Sunday , January 24 2021

The scientist who helped in the image of a black hole has its credibility in question from the sexist internet-mob

Few could expect that the historical release of the first image of a black hole would be transmitted into a public spectacle of a sexist assault – although such times we live in, in which virtually every news has been selected by reactionaries.

On April 10, the Horizontal Telescope for Events (EHT) composition presented the first direct image of a black hole. The faded composite owen for two centuries progresses in mathematics, science and electronics. In front of the painting, only artistic illustrations were available to reflect the mysterious singularities that distort the spontaneous continuum, thanks to their massive masses, creating such a gravitational force that even light can not escape. Shortly after the presentation of EHT, MIT presented the image of Katie Buchan, a 29-year-old computer scientist, whose work was key to the project, at the moment when the first black hole was processed.

"Here is the moment when the first black hole image is being processed, from the eyes of researcher Kathy Buhmann," MIT's largest research lab, the computer science and artificial intelligence laboratory, told Twitter.

Buman, a postdoctoral associate with the Event Horizon telescope and an assistant at the Department of Computer and Mathematical Sciences at the California Institute of Technology, looked ecstatic about the photo sitting in front of her computer, and her hands covering her mouth with awe. The photo immediately made the face of the project – and therefore the informal collection of sexist trolls began with a sexist investigation to invalidate its contributions.

He followed the famous story of the story. On her behalf, false accounts were posted on Twitter. Twitter men rejected her scientific contributions as only feminist posture. And there was a debate about whether or not it was worth the Wikipedia page.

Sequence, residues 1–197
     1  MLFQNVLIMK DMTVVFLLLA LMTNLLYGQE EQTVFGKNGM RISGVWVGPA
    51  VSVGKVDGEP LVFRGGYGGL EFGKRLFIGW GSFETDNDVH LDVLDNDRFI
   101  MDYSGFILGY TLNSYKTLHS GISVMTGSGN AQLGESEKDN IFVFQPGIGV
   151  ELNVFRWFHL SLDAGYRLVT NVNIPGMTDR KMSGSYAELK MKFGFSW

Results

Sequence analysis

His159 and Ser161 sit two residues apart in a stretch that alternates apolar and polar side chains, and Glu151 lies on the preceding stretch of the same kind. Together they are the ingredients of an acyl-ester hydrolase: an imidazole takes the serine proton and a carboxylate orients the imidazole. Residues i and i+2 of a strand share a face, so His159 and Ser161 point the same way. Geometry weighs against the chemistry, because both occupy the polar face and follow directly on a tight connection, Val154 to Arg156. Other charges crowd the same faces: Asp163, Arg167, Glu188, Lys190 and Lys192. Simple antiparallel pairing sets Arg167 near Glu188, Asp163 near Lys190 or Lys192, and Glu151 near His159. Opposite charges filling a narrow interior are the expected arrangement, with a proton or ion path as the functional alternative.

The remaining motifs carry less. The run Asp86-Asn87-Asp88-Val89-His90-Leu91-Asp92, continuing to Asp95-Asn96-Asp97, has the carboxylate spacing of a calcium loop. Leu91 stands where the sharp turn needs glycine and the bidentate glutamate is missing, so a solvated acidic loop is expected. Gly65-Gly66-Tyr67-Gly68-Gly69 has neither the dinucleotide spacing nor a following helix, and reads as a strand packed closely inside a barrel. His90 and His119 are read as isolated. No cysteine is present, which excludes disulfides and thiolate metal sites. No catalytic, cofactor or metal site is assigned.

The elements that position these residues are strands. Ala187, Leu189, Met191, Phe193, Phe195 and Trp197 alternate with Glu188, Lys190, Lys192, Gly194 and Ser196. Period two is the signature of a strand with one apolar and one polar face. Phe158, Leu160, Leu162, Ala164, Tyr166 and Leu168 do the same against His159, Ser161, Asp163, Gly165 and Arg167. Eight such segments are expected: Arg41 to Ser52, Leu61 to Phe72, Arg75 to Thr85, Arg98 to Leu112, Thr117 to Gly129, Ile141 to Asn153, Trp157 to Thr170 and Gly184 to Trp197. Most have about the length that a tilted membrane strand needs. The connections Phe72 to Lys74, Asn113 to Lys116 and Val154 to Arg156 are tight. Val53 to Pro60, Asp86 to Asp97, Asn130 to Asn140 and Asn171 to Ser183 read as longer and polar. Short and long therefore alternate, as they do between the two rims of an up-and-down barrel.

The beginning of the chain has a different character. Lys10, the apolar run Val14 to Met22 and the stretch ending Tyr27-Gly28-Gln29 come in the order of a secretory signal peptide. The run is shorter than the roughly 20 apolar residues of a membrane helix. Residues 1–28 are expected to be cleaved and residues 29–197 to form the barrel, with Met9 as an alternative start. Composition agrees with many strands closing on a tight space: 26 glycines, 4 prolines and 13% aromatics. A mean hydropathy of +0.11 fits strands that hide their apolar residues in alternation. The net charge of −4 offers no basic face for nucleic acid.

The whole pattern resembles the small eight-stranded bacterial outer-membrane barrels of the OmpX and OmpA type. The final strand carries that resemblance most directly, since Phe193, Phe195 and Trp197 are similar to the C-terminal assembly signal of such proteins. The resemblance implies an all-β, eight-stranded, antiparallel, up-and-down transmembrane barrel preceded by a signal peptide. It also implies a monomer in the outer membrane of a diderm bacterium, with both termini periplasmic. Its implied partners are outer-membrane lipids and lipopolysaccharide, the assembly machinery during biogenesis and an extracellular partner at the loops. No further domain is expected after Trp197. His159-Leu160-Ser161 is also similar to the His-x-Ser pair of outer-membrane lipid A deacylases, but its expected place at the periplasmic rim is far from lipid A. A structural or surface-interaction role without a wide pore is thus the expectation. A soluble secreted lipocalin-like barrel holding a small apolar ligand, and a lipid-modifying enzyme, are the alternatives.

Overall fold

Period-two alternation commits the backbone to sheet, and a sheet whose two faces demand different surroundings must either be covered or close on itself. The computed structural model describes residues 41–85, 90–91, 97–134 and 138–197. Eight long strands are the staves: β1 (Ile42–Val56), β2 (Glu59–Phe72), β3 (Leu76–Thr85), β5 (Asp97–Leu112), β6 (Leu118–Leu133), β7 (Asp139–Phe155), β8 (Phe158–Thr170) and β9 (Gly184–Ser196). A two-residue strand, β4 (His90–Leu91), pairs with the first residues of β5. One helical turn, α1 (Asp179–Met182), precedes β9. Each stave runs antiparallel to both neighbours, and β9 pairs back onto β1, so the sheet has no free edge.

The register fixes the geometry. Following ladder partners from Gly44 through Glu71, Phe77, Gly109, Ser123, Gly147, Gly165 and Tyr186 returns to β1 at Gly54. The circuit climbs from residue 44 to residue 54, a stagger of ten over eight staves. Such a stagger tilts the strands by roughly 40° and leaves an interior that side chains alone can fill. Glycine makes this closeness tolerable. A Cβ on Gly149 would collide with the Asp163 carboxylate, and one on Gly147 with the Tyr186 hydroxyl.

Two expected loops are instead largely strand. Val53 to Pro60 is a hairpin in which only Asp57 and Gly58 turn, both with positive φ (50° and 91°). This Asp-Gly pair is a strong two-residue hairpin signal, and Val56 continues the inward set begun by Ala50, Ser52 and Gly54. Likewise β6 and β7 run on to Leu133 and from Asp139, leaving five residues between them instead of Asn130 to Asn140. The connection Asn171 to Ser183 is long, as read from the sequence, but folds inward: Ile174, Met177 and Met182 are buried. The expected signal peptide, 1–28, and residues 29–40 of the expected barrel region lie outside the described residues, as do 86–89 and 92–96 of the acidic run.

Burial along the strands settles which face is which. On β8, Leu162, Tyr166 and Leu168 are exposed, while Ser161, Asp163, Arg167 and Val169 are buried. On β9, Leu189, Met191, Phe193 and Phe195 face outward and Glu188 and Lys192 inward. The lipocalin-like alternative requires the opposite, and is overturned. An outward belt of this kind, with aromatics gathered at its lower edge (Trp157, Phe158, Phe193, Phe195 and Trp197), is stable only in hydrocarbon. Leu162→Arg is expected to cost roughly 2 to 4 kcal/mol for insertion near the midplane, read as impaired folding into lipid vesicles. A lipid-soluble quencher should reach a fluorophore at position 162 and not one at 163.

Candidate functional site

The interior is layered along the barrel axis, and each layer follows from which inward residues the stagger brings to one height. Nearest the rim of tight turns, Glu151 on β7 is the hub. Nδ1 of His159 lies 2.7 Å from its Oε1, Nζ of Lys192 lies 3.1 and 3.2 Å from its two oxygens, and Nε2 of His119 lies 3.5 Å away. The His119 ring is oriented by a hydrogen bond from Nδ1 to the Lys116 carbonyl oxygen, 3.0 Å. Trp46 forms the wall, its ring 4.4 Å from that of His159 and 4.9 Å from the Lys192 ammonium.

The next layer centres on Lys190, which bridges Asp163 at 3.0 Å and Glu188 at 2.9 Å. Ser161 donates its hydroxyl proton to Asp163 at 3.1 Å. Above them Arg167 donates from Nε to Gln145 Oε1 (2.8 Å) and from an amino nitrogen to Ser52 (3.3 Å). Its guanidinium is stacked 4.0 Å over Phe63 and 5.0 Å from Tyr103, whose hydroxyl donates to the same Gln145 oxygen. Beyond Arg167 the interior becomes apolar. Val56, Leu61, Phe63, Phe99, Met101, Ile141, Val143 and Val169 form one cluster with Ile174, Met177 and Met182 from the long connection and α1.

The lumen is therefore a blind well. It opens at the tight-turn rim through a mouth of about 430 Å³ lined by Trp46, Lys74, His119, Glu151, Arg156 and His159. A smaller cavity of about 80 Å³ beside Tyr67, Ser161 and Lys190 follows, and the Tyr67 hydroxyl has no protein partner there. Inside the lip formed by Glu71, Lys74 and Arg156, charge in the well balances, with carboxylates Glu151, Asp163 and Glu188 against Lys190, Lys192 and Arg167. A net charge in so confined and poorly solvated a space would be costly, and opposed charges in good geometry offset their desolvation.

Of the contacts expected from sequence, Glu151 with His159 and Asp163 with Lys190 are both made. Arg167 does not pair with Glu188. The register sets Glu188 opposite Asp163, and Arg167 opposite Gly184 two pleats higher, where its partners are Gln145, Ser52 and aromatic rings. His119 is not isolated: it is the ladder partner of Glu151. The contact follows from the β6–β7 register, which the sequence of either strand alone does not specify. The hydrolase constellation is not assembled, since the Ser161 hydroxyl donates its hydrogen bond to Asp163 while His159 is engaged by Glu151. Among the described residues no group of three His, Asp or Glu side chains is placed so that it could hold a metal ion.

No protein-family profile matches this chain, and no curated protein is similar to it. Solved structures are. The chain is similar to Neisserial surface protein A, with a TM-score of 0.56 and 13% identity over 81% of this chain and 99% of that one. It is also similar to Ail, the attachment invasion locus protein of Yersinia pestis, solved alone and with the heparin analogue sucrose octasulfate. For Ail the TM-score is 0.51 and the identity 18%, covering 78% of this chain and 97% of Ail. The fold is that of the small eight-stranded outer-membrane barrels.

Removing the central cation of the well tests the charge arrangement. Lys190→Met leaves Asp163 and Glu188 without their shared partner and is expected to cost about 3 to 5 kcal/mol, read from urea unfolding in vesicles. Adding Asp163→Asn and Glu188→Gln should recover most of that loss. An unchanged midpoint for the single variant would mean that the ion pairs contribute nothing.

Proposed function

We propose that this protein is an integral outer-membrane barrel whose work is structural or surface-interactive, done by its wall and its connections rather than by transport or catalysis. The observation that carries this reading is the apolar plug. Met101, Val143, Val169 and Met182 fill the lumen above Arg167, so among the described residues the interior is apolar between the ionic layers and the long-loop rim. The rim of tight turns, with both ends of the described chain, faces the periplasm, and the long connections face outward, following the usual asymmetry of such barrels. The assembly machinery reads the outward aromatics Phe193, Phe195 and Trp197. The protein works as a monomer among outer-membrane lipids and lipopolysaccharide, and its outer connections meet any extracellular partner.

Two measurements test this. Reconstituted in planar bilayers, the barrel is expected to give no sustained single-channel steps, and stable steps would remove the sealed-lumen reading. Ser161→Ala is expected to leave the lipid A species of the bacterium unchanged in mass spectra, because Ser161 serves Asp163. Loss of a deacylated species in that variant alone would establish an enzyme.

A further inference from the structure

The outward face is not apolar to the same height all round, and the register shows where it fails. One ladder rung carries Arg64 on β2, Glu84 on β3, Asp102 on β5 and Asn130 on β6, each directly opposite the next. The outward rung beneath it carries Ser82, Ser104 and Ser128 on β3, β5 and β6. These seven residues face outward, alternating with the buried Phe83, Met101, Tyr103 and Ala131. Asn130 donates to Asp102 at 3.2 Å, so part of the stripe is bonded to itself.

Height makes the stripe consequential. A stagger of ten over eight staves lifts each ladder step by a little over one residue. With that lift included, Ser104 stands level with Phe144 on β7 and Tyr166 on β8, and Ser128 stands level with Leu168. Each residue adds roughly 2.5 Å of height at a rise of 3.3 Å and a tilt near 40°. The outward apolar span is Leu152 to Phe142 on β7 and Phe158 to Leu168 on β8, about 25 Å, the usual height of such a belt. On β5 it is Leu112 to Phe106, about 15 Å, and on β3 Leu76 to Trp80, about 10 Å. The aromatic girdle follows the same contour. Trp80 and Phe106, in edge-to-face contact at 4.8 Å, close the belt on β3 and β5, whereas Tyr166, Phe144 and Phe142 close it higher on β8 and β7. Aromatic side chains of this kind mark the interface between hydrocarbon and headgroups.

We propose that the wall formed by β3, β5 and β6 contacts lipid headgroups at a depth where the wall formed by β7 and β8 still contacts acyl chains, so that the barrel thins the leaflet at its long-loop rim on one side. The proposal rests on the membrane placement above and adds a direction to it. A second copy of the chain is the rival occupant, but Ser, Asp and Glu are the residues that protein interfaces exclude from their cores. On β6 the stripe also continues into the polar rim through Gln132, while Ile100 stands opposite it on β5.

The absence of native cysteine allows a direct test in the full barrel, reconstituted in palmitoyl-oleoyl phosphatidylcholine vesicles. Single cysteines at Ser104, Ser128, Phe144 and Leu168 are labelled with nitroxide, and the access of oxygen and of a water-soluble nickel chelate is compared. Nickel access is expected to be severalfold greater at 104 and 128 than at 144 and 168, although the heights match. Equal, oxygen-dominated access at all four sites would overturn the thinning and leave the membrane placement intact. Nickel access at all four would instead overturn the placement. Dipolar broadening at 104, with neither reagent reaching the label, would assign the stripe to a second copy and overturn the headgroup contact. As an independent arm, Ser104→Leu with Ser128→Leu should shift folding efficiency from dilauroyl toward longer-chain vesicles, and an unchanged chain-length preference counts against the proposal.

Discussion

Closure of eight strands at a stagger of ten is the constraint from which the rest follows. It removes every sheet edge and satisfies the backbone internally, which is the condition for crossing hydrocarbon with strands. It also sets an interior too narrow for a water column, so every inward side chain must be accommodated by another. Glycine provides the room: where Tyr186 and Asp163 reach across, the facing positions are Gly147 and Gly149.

It's hard to imagine that the same answer would follow if a white man was in that image instead of Buman. Salon addressed Buman for an interview, but a representative for MIT said he had not already interviewed the press.

It's no secret that women are under-represented in science, technology, engineering and mathematics (STEM) careers. According to statistics for 2016, women account for only 30 percent of the STEM workforce. Often, their contributions become unnoticed, as history shows us. For example, when people think about the mission that Apollo led to the moon, they probably think of the astronaut Neil Armstrong, and not, say, Margaret Hamilton, who developed the flight software for Apollo's space program. Setting Buman at the center of the discovery may well be a conscious choice of optics for the MIT research laboratory, since STEM fields are often criticized for lack of gender equality, but public reaction was almost certainly not unexpected.

Regarding chaos, Buanman wrote in a post on Facebook: "No algorithm or personality did this picture, it required an incredible talent for a team of scientists around the world and years of hard work for instrument development, data processing, processing methods images, and analysis techniques that were necessary to pull this seemingly impossible feat. It was really honored, and I'm so happy that I had the opportunity to work with all of you. "

Her response was merciful and emphasized how great science projects are going through collective collaboration. As many have pointed out, her answer illuminates the false celebration of the "lonely genius" in Trinity, in which one person is responsible for ingenious creation. (Even Isaac Newton was famously uncomfortable in the way he was treated as the sole thinker of gravity: "If I've seen more, it's standing on the shoulders of the giants," wrote in a letter to fellow natural philosopher Robert Hook). The black hole project was run by more than 200 people, and Buhman attracted public attention was not an attempt to deter her credibility or contributions, but to remind people that something monumental in the world of science could not happen without much brains. As Buchan explained in her TED Talk 2016, she likened it to a forensic sketch, but instead created an algorithm to mimic the mystery in the universe.

However, the worst thing about this whole saga is that it can cause fear among young women who want to continue their careers in STEM. The message from Buman's reaction is that if you are a woman who faces a massive scientific breakthrough, sexist internet tricks will spend too much time on your harassment and try to break your credibility.

Women often face harassment of various social media platforms – especially in professions such as journalism and politics, where they are in the public eye. As we move forward is unclear, since such offensive incidents are capable of inspire many to stop using social media platforms altogether, à la Kelly Marie Tran.

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